A third area in which RAITH can be applied is in a merger or acquisition situation. RAITH can act as an easy-to-conduct ‘qualitative’ assessment of the IT situation at one or both parties involved in the transaction. As an example, during the due diligence phase, RAITH assessments can be conducted for both the existing and the potential acquired IT organizations without a major impact or time commitment. These two assessments will result in understanding:

  • Mutual strengths – things that can be built upon in the combined organization, subject to successful integration;

  • Mutual weaknesses – reinforcing problem areas that will require urgent attention to avoid having an even greater adverse impact on the larger enterprise;

  • Offsetting areas for improvement – opportunities to ‘cross-pollinate’ IT capabilities and to create a future IT organization that is greater than the sum of its parts;

  • Likely areas for priority and focus during the post-transaction integration phase.

After the transaction closes, more detailed IT assessments can be conducted based on the initial priorities identified by RAITH to better understand staffing numbers, costs, technologies, capabilities, focus areas etc. in support of integration planning and synergy achievement.

I can recall at least two client engagements in my consulting experience where this kind of objective, consistent – and fast - assessment of IT organizations would have been invaluable, one with an industrial equipment manufacturer in the US and the other with a CPG company in Europe. In both cases, these firms had grown by acquiring similar businesses with complimentary product lines. In both cases they had been unable to integrate the IT organizations. In each case, the two IT teams, separated by just a couple of hundred miles, were doing nearly identical things in their familiar but disconnected ways. This created a predictable, unfavorable impact on IT efficiency and overall effectiveness across the larger enterprises. Attempts to remedy these situations had run into internal politics and predictable 'turf wars,' not because the IT leaders were unreasonable people but because there was no objective way of comparing 'like with like' and make evidence-based decisions about the best way to combine capabilities for the good of all. Who knows...perhaps they're still arguing today about who should do what!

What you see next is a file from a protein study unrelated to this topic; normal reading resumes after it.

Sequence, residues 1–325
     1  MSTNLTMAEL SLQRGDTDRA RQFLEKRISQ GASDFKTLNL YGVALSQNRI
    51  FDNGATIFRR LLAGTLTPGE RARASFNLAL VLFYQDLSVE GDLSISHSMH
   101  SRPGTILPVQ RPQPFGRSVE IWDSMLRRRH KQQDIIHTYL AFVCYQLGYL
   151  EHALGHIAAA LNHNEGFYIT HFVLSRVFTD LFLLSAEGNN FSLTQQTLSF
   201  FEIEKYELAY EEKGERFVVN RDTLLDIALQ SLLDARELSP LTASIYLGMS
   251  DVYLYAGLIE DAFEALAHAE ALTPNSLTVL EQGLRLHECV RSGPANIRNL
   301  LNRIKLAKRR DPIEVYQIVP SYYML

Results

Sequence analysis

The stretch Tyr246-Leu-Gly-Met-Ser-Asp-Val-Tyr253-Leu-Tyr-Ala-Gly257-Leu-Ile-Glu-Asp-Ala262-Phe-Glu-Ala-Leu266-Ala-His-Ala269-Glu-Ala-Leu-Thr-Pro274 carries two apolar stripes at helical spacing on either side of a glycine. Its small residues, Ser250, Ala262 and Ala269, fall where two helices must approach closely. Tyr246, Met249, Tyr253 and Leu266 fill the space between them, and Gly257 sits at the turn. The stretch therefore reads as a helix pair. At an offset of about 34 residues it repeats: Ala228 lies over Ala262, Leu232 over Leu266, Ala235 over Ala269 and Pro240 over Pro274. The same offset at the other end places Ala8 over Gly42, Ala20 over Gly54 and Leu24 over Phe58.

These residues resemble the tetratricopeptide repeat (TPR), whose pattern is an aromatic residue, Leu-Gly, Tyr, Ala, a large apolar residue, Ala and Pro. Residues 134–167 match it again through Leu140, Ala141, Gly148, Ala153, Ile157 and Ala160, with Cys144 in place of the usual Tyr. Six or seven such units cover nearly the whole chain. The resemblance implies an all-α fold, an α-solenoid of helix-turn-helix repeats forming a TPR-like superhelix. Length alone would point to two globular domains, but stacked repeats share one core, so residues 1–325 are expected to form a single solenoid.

Recently, Chordia has been working with Dawn May (of Dawn May, LLC), an internationally-recognized IBMi expert, to develop services specifically for the IBMi customer base. Included in this effort has been a tailoring of RAITH’s symptoms (input questions), analysis, and output to reflect the issues and concerns of those companies as well as not-for-profit and government entities using IBMi. The IBMi community has a historically significant commitment to the platform and yet often finds that strategy and diagnostic services are not as readily available, affordable or IBMi-oriented as in other technologies. Chordia, working closely with Dawn and other IBMi experts around the world, seeks to change this by offering a variety of IBMi-related services including a specially tailored version of RAITH. Accordingly, the IBMi customers should be confident that all of the comments in the rest of this blog apply to their environment as well.


In summary, have a look at RAITH. Regardless of your situation, you might find it a simple and cost effective way to get a leg up on an otherwise challenging situation. It is a doorway to new insights and actions that could lead to better things.

*IBMi refers to the current “i” platform plus all previous incarnations including AS400, iSeries, System/38, etc.